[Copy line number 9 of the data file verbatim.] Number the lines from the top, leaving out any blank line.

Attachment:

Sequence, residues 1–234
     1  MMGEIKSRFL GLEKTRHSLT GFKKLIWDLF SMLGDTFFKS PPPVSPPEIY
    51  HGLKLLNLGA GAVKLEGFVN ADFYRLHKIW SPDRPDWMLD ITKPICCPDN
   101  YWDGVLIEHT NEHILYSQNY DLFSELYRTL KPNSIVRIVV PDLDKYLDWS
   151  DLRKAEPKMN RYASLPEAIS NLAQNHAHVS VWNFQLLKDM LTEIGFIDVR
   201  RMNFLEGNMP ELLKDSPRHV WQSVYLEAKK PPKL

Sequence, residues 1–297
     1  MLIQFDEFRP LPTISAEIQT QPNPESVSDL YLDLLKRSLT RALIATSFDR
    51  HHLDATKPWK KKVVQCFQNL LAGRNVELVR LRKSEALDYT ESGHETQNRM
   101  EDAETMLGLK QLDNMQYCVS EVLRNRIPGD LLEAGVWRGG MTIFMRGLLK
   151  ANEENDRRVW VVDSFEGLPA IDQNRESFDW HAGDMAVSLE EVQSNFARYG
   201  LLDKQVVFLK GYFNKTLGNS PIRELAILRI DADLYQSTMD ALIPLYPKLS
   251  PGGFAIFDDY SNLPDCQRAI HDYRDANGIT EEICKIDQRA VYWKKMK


    51  HHLDATKPWK KKVVQCFQNL LAGRNVELVR LRKSEALDYT ESGHETQNRM